Pernicious Anaemia Society
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Active B12 results


Following on from previous posts, I got my active B12 results back today.

Talk about paradoxical!

I was expecting a low measure, as currently have symptoms and blood anomalies that might suggest deficiency and consultant said in December that I have megoblastic anaemia.

Results are>256.0

Normal range is 25.1 - 165.0

So this says I am well above top end of normal.

I have no idea what this means - it makes no sense.

I have been taking a methylcobalin sublingual on and off in the two weeks preceding test, so this may have skewed it. But serum levels were 301 when last tested, so nothing is adding up.

Supplementation aside, does anyone know what this reading suggests?

10 Replies

I would probably have stopped taking any supplements for about 2 weeks before having that test so perhaps this may have skewed it. Have you had your folate and iron measured? It could be that you have another deficiency which is causing your symptoms as well.

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Unfortunately the reading suggests that your supplementing has skewed the results.


Also thyroid testing would be good , as in previous post other topic.


I don't know what her symptoms were - but if she had megaloblastic anaemia then that suggests B12 deficiency.

We could, of course, throw the spanner into the works and mention Carmel's work on people who have high b12 levels and b12 deficiency....


She had half her thyroid gland removed, no further testing after..this was my response on the same question about her high active B12 result, it seems lots in all these muddled up posts, pasted below:

Hi Suki,

It does look like you are B12 replete in tissue and in serum, I personally would start thinking your symptoms are not specifically related to possibly having a B12 def. Re:"I have been taking a methylcobalin sublingual on and off in the two weeks preceding test, so this may have skewed ", yes the supplementing will have skewered the results (you need at least 4 months without for it to be a natural result say). High MCV can also be caused by a folate def and or thyroid problems besides other not nice issues as in my previous post. I do think retesting thyroid once half the gland has been removed seems the most logical thing to do in your case, but I am no thyroid expert!

Kind regards,



Re-testing the thyroid would make sense but it still depends on what her symptoms are.

Just because she is testing normal for B12 now doesn't mean she didn't suffer permanent damage when she was deficient - and she had megaloblastic so would have been deficient then.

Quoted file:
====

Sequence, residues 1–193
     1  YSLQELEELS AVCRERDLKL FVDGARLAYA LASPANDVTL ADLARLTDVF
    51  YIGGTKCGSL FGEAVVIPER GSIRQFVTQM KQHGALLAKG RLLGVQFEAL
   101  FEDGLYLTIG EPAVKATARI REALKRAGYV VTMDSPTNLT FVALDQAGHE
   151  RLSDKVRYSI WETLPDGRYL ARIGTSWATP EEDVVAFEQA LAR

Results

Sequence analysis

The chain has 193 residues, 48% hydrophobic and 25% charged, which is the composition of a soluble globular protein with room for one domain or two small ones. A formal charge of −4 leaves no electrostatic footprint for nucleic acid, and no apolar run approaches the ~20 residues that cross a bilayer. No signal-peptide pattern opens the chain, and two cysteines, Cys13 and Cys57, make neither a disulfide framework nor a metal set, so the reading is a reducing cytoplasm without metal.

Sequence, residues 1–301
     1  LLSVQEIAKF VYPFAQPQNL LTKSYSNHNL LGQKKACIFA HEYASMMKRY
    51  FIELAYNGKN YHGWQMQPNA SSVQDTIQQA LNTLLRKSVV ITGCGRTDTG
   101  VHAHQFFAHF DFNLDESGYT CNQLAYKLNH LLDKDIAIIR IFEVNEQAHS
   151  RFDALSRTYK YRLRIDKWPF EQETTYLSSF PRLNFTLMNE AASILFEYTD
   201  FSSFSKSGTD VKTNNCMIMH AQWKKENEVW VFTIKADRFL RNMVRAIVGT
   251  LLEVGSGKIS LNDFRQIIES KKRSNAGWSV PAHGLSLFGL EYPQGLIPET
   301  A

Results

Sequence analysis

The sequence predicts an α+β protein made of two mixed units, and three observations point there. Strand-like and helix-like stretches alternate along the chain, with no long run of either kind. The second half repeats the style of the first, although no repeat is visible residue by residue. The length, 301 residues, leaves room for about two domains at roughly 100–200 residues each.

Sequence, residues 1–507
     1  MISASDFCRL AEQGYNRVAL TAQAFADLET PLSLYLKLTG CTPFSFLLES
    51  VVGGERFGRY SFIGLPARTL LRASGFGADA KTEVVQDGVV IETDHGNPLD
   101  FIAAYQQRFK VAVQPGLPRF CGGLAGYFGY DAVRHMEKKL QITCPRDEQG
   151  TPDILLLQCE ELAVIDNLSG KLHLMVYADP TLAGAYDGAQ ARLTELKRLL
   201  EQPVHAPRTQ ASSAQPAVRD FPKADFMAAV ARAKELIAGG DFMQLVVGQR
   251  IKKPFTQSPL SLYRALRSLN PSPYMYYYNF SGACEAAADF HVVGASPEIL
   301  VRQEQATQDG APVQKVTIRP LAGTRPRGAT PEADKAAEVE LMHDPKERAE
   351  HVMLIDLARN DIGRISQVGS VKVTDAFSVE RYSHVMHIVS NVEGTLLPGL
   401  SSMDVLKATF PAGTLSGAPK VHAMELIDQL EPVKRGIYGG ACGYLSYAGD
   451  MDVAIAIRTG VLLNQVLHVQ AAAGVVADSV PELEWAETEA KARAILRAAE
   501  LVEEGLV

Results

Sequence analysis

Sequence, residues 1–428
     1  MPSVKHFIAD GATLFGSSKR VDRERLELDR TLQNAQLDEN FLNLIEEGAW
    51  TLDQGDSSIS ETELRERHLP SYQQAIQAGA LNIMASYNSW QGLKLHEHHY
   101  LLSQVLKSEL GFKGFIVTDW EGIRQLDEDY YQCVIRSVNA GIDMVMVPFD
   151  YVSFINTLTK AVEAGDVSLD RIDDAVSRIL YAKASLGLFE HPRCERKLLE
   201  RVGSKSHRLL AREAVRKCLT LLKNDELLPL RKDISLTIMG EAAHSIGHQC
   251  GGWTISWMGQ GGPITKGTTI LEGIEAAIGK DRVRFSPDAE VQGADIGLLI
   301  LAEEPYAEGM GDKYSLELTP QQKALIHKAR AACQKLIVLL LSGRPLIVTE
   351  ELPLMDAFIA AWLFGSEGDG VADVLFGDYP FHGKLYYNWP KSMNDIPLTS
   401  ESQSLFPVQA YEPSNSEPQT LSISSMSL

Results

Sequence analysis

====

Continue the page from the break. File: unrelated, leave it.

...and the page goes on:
What I am surprised about is that the test was done without checking she had abstained from B12 in the first place?

Again the goal posts keep changing with how long you should abstain but she could have had a lozenge an hour or two before the blood test.


More info in her other posts, see:


Thanks Marre

Always there - that MCH - nudging into the high end.

It bugs me.

If she had megaloblastic then the cause is limited. I didn't read the whole of the thread... though so I can't comment further.

Gotta work.


Hi Poppet11

Thanks and to all who have responded.

I could easily have skewed the results and am taking that up with the lab as they didn't say anything about abstaining. New to this and realise now that is crucial.

I can't find any info on Carmels work - would you be able to let me have a reference?

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I would take it up with the lab. Most tests you have done privately, including the MCV test you can send off for, state that supplementing will skew the results.

With regard to Carmel's work - I haven't got the research to hand - but don't sweat it. It only confuses things more.

The problem with all these tests are that they are interpreted as if they are accurate. I queried this with Hunt in the BMJ about the levels of the serum B12 being set too low because they were based on B12 deficiency being a blood condition and reversing that condition - that part of the illness is reversed very, very, easily.

She said they were using different tests now. Which they are. But they are still calibrated on the old 'reverse the bloods' figures.

I then see, a couple of months later, work done by Carmel proving that the calibrations are set too low!

Now if the serum B12 is set at levels which only enable it to say when a blood condition may be occuring and when that condition may be treated - and it is wrong - how do we know any of the other tests were set correctly?

Bottom line is they have all, for decades, been assuming B12 deficiency arises from anaemia. It doesn't. Which is why you have a situation in Japan where they realised the error and set the levels at when spinal fluid has DNA changes - rather than the rest of them who are hanging around waiting for blood changes which might never happen - and then telling everyone they are well when the levels go into 'their' version of normal.


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